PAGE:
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Olymbec … I mean, Owen Beck has already made his NHL debut, and it wasn’t one that passed quietly into the night. What feels like seasons ago but wasn’t, the Canadiens, battered and bruised, made an emergency recall of this training camp standout.

Beck’s game against the Senators, a disheartening 5-0 loss, still managed to leave a lasting impression. You could look into la place des art’s ”Stargate’ and sense that his presence on the Habs’ third line was inevitable, perhaps even imminent. Some ardent fans and ‘commentateurs’ had Jake Evans shovelling snow between periods in a Blue Jackets onesie by the time Beck stepped off the ice.

So what happened since that moment? Beck, under the watchful eye of development coach Paul Byron, didn’t display the offensive fireworks in the CHL that one might expect from a 20-year-old. But here’s the kicker: in the 30 years I’ve followed the Habs as a fan, and the 17 years I’ve spent chronicling their prospects on an obscure blog (yes, I covered the likes of Janne Lahti in 2007—get me into the Hall of Fame, folks), I’ve never encountered a prospect quite like Beck. Both his style and his substance set him apart. Beck’s call-up for Team Canada in a late junior tournament last year was a rarity, and it’s often seemed that his label as a complete forward has, paradoxically, worked against his aspirations as he stands on the cusp of his professional career versus … let’s say someone whose last name is Roy.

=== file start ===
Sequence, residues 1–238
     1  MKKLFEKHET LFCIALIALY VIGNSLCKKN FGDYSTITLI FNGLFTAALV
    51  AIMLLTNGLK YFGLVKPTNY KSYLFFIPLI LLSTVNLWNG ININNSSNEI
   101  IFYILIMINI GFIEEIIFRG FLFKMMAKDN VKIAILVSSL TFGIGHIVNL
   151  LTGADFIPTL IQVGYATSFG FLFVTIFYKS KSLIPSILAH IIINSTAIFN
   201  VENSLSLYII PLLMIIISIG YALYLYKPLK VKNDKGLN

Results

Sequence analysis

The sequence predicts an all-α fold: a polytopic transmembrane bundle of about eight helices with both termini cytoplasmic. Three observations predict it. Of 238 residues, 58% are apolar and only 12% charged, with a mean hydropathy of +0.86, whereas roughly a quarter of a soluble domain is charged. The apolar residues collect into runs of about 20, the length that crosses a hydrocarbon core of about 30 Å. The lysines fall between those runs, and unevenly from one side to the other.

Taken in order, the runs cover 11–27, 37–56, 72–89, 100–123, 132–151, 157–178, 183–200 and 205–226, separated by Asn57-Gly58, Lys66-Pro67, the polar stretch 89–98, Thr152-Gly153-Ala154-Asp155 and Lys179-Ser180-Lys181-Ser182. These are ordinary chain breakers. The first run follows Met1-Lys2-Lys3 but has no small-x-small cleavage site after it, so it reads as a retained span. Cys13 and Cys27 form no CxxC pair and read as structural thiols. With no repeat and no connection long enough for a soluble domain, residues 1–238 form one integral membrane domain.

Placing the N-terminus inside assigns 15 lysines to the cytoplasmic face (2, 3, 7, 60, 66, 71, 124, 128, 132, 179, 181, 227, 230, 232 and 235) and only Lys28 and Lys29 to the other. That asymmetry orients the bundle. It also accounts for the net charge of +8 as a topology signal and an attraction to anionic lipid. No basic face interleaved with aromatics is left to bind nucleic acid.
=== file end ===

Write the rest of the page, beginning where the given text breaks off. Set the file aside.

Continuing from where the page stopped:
The answer is multifaceted. Beck was originally drafted for his ability to tilt the ice in his team’s favour with speed and grit, according to Nick Richard at Dobber Prospects. His stock was never among the highest of the elite shutdown forwards or the top-tier two-way players. His current evaluation suggests he might top out as an NHL third-liner, the kind of player the Habs could easily sign through free agency. Yet, what makes Beck intriguing is his potential as a playmaker—a skill that several scouts believe will translate to the NHL.

But here’s the real question: what do the Habs want from Beck? A premier complete player in the mould of Tomas Plekanec? That would indeed be a dream scenario. But why not bring Plekanec back into the fold? The former Canadiens forward and gold medal-winning World Cup Championship coach for Czechia would be an incredible mentor. His NHL career, spanning over 1,000 games, was nothing short of remarkable for a third-round pick who steadily honed his craft in the AHL for four years. For several prospects who might be finding Laval’s charms wearing thin, I can think of no better addition to their coaching staff than the Kladno native.

Reste à voir, as they say in la belle province.